It will be the activist left who destroy Notley's chance to show that an NDP government is viable provincially and federally. I can't believe how quickly the pile-on started. I had hoped (for 24 hrs anyway) that her staggering, leap-of-faith win in Alberta would make people really question another knee-jerk Harper majority win this fall.
Here's a question I would love to see the Straight report on (lord knows Sun and Prov won't) Given that the lower mainland (growing every day) has the highest consumption of fossils west of Southern Ontario, where does our oil/gas/ng for planes, boats, cars, trains, consumer goods and their delivery come from? Is it by pipeline, rail or road or even tanker from the U.S.? Does the airport with an airline leaving every few minutes have a pipeline - they must need mega jet fuel? Am very curious about this.
You've got it wrong
May 8, 2015 at 5:59am
"Notley will be sunk", no your completely wrong. If Notley stands up to the activist left, as a sitting NDP Premier, she'll be hailed as a hero by the 80% in the middle and will have a very good chance for re-election. Heck, she'll have a very good chance to be Prime Minister, considering her balanced approach. Everybody expects for her to go with the activist left, so she's in a nothing but win situation- on that front.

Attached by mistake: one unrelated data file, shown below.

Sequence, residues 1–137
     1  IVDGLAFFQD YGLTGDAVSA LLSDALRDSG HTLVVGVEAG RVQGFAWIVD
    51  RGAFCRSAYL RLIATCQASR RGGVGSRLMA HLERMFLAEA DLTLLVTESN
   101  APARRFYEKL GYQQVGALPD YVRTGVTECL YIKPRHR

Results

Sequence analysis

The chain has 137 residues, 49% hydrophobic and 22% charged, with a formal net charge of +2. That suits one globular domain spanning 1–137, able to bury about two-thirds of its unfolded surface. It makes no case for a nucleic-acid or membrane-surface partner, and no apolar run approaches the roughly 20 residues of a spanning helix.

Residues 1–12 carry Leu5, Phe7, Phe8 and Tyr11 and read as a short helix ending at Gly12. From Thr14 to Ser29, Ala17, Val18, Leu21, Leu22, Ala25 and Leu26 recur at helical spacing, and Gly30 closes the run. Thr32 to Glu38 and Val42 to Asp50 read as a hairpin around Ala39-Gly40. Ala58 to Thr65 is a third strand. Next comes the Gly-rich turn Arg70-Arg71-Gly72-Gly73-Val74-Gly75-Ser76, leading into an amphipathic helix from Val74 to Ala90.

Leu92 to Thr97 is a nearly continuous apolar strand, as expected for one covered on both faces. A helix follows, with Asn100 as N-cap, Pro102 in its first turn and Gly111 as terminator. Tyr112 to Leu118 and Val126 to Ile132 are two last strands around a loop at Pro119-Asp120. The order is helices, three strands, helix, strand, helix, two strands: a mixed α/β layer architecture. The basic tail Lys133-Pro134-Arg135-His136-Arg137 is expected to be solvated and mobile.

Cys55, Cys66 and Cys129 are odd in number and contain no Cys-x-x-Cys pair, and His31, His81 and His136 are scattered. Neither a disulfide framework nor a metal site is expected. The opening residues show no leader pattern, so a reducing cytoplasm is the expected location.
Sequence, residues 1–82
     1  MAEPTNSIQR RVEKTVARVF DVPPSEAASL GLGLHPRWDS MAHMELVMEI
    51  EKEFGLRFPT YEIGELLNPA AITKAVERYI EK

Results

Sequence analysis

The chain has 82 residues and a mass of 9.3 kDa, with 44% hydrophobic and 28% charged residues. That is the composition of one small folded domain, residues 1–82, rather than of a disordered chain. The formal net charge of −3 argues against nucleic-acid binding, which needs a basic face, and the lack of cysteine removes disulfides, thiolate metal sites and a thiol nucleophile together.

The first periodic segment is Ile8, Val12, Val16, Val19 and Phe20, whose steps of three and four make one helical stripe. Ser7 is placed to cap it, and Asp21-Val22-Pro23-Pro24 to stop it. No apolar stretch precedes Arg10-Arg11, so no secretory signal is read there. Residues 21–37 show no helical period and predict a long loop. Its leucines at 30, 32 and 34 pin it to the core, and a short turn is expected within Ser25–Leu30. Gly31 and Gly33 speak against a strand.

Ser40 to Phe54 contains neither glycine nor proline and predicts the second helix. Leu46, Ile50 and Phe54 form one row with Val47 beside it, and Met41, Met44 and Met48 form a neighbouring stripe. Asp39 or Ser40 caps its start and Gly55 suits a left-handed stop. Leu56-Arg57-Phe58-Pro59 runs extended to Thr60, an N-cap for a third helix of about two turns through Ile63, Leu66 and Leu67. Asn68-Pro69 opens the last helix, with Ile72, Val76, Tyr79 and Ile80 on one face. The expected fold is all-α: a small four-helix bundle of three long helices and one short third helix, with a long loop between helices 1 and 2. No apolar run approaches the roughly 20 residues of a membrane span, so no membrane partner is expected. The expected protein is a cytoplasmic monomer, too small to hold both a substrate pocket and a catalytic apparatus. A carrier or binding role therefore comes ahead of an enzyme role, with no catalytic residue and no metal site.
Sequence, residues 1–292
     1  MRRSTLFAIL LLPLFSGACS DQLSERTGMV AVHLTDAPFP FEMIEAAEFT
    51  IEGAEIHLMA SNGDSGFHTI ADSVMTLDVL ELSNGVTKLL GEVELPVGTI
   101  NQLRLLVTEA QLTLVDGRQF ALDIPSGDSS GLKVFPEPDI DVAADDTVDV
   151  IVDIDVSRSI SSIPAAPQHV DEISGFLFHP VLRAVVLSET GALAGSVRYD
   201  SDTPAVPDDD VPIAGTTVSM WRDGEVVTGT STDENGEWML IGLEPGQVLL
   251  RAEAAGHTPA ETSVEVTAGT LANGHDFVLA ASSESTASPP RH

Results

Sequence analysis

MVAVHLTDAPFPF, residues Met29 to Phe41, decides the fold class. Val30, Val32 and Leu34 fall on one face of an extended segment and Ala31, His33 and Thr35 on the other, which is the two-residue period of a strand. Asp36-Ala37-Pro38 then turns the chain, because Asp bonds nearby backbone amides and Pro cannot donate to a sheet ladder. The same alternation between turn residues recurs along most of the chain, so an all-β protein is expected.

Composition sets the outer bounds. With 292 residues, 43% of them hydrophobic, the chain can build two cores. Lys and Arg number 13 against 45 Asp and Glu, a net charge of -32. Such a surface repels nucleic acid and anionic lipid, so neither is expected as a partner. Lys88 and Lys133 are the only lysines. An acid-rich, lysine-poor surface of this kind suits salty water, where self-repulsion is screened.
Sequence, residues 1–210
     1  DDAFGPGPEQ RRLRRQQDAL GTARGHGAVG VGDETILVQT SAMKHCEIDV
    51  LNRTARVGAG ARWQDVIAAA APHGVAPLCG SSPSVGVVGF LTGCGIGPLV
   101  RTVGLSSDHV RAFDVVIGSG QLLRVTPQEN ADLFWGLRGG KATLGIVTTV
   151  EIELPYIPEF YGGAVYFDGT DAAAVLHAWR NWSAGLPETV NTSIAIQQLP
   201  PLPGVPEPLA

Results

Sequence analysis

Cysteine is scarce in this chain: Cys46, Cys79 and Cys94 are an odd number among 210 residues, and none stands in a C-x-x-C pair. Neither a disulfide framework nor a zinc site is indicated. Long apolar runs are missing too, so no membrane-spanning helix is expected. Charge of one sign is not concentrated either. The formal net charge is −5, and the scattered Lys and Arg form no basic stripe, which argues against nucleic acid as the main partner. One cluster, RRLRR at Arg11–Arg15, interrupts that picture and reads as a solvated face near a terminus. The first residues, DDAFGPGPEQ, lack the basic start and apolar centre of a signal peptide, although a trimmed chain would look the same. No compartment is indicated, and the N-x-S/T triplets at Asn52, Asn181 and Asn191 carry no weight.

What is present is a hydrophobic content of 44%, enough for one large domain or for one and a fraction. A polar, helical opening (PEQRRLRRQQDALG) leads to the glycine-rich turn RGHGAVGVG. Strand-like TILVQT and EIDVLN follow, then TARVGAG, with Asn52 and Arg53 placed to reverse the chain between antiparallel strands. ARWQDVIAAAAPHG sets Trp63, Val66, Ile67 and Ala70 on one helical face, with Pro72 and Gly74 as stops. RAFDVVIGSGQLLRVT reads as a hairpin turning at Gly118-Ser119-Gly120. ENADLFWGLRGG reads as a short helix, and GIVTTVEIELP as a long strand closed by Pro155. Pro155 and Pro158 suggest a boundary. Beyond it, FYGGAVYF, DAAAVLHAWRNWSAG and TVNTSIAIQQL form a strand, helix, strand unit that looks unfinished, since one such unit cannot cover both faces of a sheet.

May 8, 2015 at 6:03am
amazing how a supposed education does not erase the inherent stupidity of Gabriel Nadeau-Dubois. But what can be expected from the land of the coddled, where foolishness is subsidized by the rest of the provinces. Oil is a commodity that is a key linchpin in the national economy, to try and kneecap it shows a definite lacking of seriousness and a basic incomprehension of economics.
As an aside
May 8, 2015 at 6:48am
@Notley will be sunk: